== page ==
SNOW LEOPARD CONSERVANCY COVID-19 POLICY

Ensuring Adoption of Best Safety Practices during the COVID-19 Pandemic

Effective May 2020

The Snow Leopard Conservancy will in accordance with all state and federal governmental regulations during the COVID-19 pandemic, ensure the health and safety of our employees is maintained as the highest priority of our organization.  Since mid-March, SLC employees have been working remotely from their homes while Sheltering-In-Place (SIP) using phone, email, and video conferencing for all communications. Visits to the SLC office for administrative tasks have been limited to essential tasks only every two days, and coordinated following all Centers for Disease Control (CDC) regulations using Personal Protective Equipment (PPE), handwashing, social (physical distancing) and disinfecting (detailed below).  Given the dynamic and rapidly evolving situation, staff should refer any questions, comments, concerns and input to the director immediately, along with consulting the detailed instructions below.

All Staff are presently restricted from travelling nationally or internationally.  SLC expects all staff and partners to:

  • Implement important recommended measures to minimize infections and transmission of this aggressive coronavirus (wear facemasks, maintain social or physical distance of 6 feet or 2 meters from other persons when outside of the home, wash hands often & vigorously with soap, use hand sanitizer as needed).

  • Monitor for symptoms, stay at home (self-quarantine), and if you feel sick, seek medical attention as needed.

People with COVID-19 have had a wide range of symptoms reported – ranging from mild symptoms to severe illness, too often leading to death. Symptoms may appear 2-14 days after exposure to the virus, and there is evidence that infected persons still asymptomatic may transmit the virus. People with these symptoms may have COVID-19:

  • Cough

  • Shortness of breath or difficulty breathing

  • Fever

  • Chills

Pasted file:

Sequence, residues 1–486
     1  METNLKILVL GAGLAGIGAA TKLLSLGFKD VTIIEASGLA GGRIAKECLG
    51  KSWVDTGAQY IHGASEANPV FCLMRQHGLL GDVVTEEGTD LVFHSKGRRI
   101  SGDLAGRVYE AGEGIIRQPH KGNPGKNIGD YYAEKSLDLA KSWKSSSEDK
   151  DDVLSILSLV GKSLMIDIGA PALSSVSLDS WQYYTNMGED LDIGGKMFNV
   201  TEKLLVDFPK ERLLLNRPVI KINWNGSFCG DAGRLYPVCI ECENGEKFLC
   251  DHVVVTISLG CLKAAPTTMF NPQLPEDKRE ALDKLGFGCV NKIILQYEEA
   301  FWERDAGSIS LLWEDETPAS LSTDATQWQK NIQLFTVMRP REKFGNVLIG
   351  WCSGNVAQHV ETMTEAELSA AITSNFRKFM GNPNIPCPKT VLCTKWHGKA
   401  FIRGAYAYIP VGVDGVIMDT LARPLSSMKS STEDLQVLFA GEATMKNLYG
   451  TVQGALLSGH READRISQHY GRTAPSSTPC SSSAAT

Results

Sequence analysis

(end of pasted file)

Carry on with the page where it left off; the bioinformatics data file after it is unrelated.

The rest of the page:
• Muscle pain

  • Sore throat

  • Loss of taste or smell

This list does not include all possible symptoms. Less common symptoms, including gastrointestinal symptoms like nausea, vomiting, or diarrhea, have been reported.

When to Seek Emergency Medical Attention:   Look for emergency warning signs for COVID-19. If someone is showing any of these signs, seek emergency medical care immediately

  • Trouble breathing

  • Persistent pain or pressure in the chest

  • New confusion

  • Inability to wake or stay awake

  • Bluish lips or face

Please call your medical provider for any other symptoms that are severe or concerning to you. Call 911 or call ahead to your local emergency facility: Notify the operator that you are seeking care for someone who has or may have COVID-19.

SLC will continue to monitor federal, state, and local public health communications about COVID-19 regulations, guidance, and recommendations and ensure that workers have access to that information.

When regulatory agencies permit non-essential services like SLC to re-open office operations, we will conduct a risk assessment and adopt procedures to avoid or minimize potential for COVID-19 transmission and infection. These will follow recommended procedures to the degree feasible and realistic, given resources available to SLC.  Special emphasis will be devoted to maintaining a clean work place. In order to continue maintaining sufficient social distance, we may also adopt staggered working hours, and continue holding our weekly staff meeting via Zoom, at least into the foreseeable future.

Currently, most of our partners are also sheltering in place, following guidelines recommended by the World Health Organization (WHO) as well as those put in place by their respective governments, local authorities and communities.  Mongolia has, by far, the world’s best record for controlling the coronavirus pandemic along with South Korea. Other countries, like the USA, currently have limited or very limited supplies of personal protective equipment (PPE) and virus testing and contact tracing is poor.  Most of Nepal’s infections are from the lower elevation regions, along the border with India, suggesting infection from returning migratory workers.  This has led local communities in remote mountain areas place like Nar-Phu and Upper Mustang (Nepal) are requesting all returning residents to wear masks and to self-quarantine for 14 days. Researchers have suggested that people living at high elevation are better adapted to coping with COVID-19 issues related to hypoxia. (See link below)

SLC is supporting partners in the following countries:  China, Bhutan, India, Kazakhstan, Kyrgyzstan, Mongolia, Nepal, Pakistan, Russia and Tajikistan.

SUSTAINING SNOW LEOPARD CONSERVATION IN NEPAL THROUGHOUT THE PANDEMIC

The Conservancy’s Manager of the Darwin Initiative, Dr. Shailendra Thakali, shares an important message about snow leopard conservation in Nepal during the COVID-19 pandemic and how you can help.

FURTHER READING

FOR MORE INFORMATION ON COVID-19 SYMPTOMS:
https://www.cdc.gov/coronavirus/2019-ncov/symptoms-testing/symptoms.html

FOR MORE INFORMATION ON REDUCING TRANSMISSION: https://science.sciencemag.org/content/sci/early/2020/05/27/science.abc6197.full.pdf

FOR THE LATEST COVID-19 INFORMATION FOR THE TEN RANGE COUNTRIES WHERE OUR PARTNERS OPERATE:
WHO Website

FOR MORE INFORMATION ABOUT PHYSIOLOGICAL ACCLIMATIZATION/ADAPTATIONS OF PEOPLE LIVING AT HIGH ALTITUDES THAT REDUCES THE IMPACT OF THE COVID-19 VIRUS.
Does the pathogenesis of SARS-CoV-2 virus decrease at high-altitude?

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